Noted scholar Elaine Pagels points out the tension between the teachings of Paul and the teachings of James and the Twelve:
Paul’s impassioned preaching soon attracted a considerable following of Gentiles in the Syrian city of Antioch, but it also embroiled him in bitter disputes with other followers of Jesus. People who belonged to the Jerusalem group led by Jesus’ brother James apparently charged that Paul’s “gospel” was so radical that it contradicted what they had heard from the most respected leaders, including James himself and the disciples Peter and John. Although what Luke later wrote in the Book of Acts glossed over these disputes, Paul’s own words suggest that initially he was concerned that Peter and James—or, at any rate, their followers—might oppose him for preaching to Gentiles a “gospel” that had dropped all Torah requirements, although he says that finally they agreed to let him teach it.
So when other leaders in the movement accused Paul of having no credentials to speak for Jesus, whom he had never met, Paul burst out in anger. He sarcastically called his accusers “super apostles” who were forcing him to talk about matters that made him feel foolish and uncomfortable, since what he had to say would sound like boasting. Paul insisted that he taught only what came to him directly “through revelation”—not from Peter, James, or anyone else on earth. Paul insisted that his authority came straight from God—from “visions and revelations of the Lord.”
Pagels, Elaine. Revelations: Visions, Prophecy, and Politics in the Book of Revelation (p. 44). Penguin Publishing Group. Kindle Edition.
When John accuses “evildoers” of leading gullible people into sin, what troubles him is what troubled the Essenes: whether—or how much—to accommodate pagan culture. And when we see Jesus’ earliest followers, including Peter, James, and Paul, not as we usually see them, as early Christians, but as they saw themselves—as Jews who had found God’s messiah—we can see that they struggled with the same question. For when John charges that certain prophets and teachers are encouraging God’s people to eat “unclean” food and engage in “unclean” sex, he is taking up arguments that had broken out between Paul and followers of James and Peter about forty years earlier—an argument that John of Patmos continues with a second generation of Paul’s followers.57 For when we ask, who are the “evildoers” against whom John warns? we may be surprised at the answer. Those whom John says Jesus “hates” look very much like Gentile followers of Jesus converted through Paul’s teaching. Many commentators have pointed out that when we step back from John’s angry rhetoric, we can see that the very practices John denounces are those that Paul had recommended.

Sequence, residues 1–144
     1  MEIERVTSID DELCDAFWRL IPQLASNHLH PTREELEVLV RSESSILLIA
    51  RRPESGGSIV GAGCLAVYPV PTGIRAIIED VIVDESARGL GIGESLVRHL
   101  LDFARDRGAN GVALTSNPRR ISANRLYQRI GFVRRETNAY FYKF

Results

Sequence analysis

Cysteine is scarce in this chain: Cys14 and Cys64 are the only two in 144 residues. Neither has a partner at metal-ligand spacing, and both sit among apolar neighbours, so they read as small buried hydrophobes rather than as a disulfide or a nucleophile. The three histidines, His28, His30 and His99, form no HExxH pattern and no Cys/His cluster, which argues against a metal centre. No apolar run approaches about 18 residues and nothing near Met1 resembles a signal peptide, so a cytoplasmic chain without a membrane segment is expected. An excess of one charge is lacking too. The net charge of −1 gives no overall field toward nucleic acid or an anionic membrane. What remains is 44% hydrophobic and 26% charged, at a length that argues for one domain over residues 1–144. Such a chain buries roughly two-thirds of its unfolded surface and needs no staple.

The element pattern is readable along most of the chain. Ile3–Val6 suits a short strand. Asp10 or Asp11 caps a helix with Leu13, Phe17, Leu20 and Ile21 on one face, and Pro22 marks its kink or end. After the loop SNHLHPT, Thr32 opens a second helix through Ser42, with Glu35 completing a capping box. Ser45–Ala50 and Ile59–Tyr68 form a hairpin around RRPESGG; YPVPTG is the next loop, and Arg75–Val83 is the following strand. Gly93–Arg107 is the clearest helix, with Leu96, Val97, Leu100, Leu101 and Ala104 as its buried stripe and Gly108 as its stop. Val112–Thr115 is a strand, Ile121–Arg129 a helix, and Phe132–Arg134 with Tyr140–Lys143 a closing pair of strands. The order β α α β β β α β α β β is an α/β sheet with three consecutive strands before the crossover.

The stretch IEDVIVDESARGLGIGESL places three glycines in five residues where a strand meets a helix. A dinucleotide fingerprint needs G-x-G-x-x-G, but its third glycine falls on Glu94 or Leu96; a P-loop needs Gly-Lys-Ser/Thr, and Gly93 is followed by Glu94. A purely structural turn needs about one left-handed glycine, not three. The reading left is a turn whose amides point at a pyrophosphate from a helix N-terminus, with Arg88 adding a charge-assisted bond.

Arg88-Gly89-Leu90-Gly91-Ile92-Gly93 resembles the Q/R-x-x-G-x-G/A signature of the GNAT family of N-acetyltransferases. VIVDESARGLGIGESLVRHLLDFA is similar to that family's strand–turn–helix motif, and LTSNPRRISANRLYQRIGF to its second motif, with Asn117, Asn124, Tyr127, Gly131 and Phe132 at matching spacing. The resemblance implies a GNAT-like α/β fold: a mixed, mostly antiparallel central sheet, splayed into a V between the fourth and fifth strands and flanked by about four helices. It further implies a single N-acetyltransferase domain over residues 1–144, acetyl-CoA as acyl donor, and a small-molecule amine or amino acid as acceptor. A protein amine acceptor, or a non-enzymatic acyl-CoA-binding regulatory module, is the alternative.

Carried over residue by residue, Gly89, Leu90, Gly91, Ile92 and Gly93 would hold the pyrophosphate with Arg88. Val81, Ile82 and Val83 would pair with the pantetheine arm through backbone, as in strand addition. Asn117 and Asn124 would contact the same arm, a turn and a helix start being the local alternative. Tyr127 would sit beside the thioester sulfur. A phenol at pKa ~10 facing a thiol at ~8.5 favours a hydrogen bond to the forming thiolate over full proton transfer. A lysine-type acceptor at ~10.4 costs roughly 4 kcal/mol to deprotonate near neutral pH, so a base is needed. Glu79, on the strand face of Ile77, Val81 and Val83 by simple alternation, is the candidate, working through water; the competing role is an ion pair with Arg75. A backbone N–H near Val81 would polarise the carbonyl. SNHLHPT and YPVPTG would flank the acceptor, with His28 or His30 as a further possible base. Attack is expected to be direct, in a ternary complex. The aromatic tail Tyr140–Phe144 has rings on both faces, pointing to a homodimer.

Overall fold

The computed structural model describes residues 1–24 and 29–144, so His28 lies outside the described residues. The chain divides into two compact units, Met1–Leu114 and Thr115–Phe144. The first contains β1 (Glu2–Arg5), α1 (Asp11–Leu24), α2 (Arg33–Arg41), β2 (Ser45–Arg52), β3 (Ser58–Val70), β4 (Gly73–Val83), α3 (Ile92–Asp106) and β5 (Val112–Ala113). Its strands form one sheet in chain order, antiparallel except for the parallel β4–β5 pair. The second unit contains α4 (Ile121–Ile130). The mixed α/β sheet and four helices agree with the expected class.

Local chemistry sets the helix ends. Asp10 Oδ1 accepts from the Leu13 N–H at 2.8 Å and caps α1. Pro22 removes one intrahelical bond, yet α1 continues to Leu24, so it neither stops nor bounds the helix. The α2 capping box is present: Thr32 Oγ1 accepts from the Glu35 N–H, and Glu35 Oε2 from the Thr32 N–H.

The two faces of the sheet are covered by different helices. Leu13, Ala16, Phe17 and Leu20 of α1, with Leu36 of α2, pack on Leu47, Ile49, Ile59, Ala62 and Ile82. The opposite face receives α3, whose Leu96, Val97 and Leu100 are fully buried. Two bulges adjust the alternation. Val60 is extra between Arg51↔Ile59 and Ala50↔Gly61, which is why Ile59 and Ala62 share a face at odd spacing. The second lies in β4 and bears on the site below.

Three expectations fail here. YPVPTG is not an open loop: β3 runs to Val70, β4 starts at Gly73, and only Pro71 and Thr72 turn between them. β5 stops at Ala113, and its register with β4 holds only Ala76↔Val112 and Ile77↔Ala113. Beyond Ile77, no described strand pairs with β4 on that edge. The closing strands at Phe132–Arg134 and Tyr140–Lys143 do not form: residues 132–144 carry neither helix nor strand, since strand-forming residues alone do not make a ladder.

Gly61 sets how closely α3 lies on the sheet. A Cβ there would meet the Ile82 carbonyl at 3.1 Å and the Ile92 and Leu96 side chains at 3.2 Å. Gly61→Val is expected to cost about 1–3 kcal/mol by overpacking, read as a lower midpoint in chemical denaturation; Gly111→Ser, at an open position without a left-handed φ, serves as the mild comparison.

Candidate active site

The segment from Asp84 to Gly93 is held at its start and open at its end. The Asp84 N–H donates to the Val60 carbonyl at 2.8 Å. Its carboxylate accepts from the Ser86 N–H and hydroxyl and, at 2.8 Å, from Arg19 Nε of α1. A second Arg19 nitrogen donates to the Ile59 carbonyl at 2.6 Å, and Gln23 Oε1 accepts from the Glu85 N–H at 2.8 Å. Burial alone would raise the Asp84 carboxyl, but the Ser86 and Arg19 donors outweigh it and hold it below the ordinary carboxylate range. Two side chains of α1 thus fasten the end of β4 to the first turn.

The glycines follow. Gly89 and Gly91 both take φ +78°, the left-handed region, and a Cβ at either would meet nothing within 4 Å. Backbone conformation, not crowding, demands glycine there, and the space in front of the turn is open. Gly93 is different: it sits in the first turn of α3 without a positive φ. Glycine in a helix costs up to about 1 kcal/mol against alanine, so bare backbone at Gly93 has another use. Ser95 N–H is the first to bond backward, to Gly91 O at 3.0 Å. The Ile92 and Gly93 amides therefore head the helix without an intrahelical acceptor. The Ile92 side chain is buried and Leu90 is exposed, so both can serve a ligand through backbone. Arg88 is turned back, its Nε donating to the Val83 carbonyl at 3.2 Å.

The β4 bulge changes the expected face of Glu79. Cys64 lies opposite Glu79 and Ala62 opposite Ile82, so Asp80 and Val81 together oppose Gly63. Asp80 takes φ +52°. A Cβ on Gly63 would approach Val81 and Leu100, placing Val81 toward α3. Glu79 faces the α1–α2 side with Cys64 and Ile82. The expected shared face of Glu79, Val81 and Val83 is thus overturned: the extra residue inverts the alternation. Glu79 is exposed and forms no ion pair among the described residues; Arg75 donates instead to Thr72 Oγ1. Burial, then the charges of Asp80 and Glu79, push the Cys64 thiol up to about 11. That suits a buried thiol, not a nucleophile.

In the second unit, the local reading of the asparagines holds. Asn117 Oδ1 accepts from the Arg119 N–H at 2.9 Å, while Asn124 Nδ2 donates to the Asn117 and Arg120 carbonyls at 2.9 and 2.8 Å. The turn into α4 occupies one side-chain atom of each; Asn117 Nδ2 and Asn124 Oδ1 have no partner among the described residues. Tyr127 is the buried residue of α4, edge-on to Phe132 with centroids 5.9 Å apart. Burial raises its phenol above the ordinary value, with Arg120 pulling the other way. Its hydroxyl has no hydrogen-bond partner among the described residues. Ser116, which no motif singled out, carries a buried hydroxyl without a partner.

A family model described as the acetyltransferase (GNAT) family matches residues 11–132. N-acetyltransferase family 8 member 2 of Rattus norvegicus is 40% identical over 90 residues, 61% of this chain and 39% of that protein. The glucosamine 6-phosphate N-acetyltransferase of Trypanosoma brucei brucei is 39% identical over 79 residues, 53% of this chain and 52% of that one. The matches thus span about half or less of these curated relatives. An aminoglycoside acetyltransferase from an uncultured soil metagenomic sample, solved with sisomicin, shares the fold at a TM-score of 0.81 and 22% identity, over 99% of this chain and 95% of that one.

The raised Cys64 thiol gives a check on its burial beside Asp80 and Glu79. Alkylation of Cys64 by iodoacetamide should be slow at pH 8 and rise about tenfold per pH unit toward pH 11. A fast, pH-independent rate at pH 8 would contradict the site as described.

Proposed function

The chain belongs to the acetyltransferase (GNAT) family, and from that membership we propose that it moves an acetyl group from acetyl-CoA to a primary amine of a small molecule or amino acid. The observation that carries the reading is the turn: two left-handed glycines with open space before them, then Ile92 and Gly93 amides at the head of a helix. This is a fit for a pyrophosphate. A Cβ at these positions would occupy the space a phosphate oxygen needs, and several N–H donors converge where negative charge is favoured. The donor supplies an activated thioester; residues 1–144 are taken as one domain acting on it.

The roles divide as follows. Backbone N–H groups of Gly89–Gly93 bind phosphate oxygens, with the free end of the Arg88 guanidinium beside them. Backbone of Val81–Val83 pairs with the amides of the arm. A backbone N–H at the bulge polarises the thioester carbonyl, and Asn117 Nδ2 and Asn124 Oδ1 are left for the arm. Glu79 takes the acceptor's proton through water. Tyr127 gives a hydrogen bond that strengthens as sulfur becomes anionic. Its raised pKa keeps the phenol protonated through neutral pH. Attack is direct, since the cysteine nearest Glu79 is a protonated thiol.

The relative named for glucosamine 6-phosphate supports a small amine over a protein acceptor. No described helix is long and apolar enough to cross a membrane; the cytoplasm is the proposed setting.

Pagels, Elaine. Revelations: Visions, Prophecy, and Politics in the Book of Revelation (pp. 53-54). Penguin Publishing Group. Kindle Edition.